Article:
MTH 211 : Fundamentals of Elementary Mathematics I

Transcript title

Fund of Elementary Math I

Credits

4

Grade mode

Standard letter grades

Contact hours total

40

Lecture hours

40

Recommended preparation

MTH 095 or minimum placement Math Level 18.

Description

Introduces problem solving, sets, natural and whole numbers, number theory and fractions. First term of a sequence for students planning to become elementary teachers but open to any students wanting to study the foundations of mathematics.

Learning outcomes

1. Use a variety of problem-solving techniques to analyze and solve problems from a variety of disciplines.
2. Use multiple models to describe concepts and computations of whole numbers.
3. Define the term algorithm and give multiple examples of non-standard algorithms.
4. Use number theory concepts to solve problems and analyze computational algorithms.
5. Use multiple models to describe concepts and computations involving fractions.
6. Use the language and practices described in the Standards of Mathematical Practices (Common Core State Standards).

Content outline

Problem Solving
• Students will use a variety of problem–solving techniques to analyze and solve problems from a variety of disciplines.
o Techniques will include exploring patterns, developing mathematical models, working backwards, creating tables of data, drawing graphs, using equations, estimating the reasonableness of an answer using a calculator or other appropriate technology.
Mathematical Language and Structure
• Students will use multiple models to describe concepts and computations of whole numbers.
o Use set theory symbolism, including Venn diagrams, to interpret mathematical ideas
o Use number systems other than base-ten to describe base-ten concepts for whole numbers
o Explore numeration systems of other cultures to highlight the arbitrariness of our current base-ten system
o Define the set of whole numbers and their properties
o Understand place value and base ten
o Understand how the language of our number system (specifically counting) and sense making often create difficulties for students
o Estimate and use mental arithmetic
• Students will use multiple models to describe concepts and computations involving fractions
o Define fractions and their properties
o Use area, linear and set models for fractions
o Connect number theory concepts of GCF, LCM and prime factorization to fraction computation
Computation
• Students will define the term algorithm and give multiple examples of non-standard algorithms
o Compare and contrast non-standard algorithms to those algorithms traditionally taught
• Students will use multiple models to describe concepts and computations of whole numbers.
o Use number systems other than base-ten to describe base-ten computations for whole numbers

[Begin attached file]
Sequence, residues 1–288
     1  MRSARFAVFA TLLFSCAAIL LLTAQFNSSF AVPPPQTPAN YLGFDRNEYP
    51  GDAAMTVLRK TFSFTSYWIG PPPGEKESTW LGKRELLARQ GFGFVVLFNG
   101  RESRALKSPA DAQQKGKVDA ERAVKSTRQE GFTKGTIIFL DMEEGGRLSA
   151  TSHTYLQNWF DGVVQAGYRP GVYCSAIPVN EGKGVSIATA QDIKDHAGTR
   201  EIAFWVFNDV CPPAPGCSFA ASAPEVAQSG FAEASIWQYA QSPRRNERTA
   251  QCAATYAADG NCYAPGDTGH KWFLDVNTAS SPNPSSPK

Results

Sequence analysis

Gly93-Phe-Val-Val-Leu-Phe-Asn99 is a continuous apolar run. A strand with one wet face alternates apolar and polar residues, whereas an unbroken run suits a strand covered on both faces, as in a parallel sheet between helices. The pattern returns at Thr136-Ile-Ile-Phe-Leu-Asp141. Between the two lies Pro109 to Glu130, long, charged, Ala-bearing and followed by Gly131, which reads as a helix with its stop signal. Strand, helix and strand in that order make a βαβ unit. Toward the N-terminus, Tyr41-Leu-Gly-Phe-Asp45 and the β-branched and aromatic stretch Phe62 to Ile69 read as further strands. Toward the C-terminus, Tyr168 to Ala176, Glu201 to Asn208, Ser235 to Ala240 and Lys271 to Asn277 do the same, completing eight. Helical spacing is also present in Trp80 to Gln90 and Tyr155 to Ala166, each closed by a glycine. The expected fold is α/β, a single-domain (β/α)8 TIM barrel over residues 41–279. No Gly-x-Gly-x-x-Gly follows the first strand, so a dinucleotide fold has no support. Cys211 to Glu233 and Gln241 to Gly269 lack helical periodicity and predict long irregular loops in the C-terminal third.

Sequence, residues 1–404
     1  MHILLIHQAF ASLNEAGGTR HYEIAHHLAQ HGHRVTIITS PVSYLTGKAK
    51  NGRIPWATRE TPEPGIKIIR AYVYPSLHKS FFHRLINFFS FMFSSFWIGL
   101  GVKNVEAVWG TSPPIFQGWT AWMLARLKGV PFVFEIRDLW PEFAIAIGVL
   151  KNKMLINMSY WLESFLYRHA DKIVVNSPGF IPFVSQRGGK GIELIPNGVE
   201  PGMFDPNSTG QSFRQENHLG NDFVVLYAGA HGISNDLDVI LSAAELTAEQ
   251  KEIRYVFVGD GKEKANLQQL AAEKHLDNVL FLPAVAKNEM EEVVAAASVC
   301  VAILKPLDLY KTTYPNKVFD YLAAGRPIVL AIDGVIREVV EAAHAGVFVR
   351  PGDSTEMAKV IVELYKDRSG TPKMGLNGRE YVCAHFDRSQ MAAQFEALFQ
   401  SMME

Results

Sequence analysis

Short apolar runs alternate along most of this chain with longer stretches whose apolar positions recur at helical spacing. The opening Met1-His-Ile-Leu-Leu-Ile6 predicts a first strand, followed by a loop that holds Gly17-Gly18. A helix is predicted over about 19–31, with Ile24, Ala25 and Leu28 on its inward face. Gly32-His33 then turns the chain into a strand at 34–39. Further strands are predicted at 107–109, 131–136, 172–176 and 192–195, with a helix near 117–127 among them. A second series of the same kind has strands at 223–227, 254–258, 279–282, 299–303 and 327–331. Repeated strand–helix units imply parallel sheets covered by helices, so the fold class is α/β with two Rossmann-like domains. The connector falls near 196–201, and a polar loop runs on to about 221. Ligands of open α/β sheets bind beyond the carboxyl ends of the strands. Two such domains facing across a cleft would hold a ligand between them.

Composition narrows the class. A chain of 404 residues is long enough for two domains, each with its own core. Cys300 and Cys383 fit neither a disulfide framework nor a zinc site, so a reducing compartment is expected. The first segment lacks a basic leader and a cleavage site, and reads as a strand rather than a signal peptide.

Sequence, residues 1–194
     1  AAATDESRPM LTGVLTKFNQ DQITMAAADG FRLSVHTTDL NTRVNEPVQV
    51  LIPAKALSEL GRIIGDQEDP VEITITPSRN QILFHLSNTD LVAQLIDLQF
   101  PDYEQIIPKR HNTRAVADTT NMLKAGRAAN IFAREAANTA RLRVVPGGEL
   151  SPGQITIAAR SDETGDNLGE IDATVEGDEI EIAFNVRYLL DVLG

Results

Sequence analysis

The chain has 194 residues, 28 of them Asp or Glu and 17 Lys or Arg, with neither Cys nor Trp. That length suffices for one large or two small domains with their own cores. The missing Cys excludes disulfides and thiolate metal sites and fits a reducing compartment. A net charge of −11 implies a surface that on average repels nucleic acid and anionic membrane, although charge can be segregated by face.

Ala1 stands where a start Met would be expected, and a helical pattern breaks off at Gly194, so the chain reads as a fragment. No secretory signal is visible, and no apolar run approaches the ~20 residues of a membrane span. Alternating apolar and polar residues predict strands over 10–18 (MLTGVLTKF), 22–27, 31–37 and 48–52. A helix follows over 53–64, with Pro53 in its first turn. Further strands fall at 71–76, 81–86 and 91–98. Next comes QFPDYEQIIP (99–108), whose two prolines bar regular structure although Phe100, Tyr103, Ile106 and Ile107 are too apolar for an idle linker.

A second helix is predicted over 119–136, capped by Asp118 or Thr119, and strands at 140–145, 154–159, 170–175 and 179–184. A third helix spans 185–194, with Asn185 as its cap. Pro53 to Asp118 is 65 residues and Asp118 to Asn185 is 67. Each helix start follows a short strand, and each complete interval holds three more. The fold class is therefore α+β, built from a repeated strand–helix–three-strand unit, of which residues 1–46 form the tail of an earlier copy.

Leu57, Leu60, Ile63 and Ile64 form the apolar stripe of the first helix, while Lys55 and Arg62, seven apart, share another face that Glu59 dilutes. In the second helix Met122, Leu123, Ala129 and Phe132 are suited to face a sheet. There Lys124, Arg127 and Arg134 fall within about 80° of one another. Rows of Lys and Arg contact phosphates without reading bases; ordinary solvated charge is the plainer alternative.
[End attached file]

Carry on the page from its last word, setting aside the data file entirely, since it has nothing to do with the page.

o Analyze standard algorithms and how they make sense (or not) based on place value norms
• Students will use multiple models to describe concepts and computations involving fractions
o Define fractions and their properties
o Use area, linear and set models for fractions
o Connect number theory concepts of GCF, LCM and prime factorization to fraction computation
Number Theory
• Students will use number theory concepts to solve problems and analyze computational algorithms
o Identify and distinguish between prime and composite numbers
o Describe and use the divisibility rules for 2, 3, 4, 5, 6, 8, 9, and 10.
o Find the least common multiple (LCM) and the greatest common factor (GCF) of two or more numbers in multiple ways
o Use factoring, divides, divisibility rules, greatest common factor and least common multiple as tools for developing number sense
Standard of Mathematical Practice
• Students will use the language and practices described in the Standards of Mathematical Practices (Common Core State Standards)
o Make sense of problems and persevere in solving them.
o Reason abstractly and quantitatively.
o Construct viable arguments and critique the reasoning of others.
o Model with mathematics.
o Use appropriate tools strategically.
o Attend to precision.
o Look for and make use of structure.
o Look for and express regularity in repeated reasoning.

Required materials

This course may require a textbook.

Grading methods

Course Assessment Requirements: at least three proctored, closed-book, no-notes examinations (one of which is the comprehensive final); all exams will consist of primarily free response questions, although limited use of multiple choice, fill in the blank, or matching may be used as appropriate; assessment of written work will include evaluation of the students’ ability to arrive at correct conclusions using proper mathematical procedures and notation.

General education/Related instruction lists

  • Mathematics

Outside of
expected

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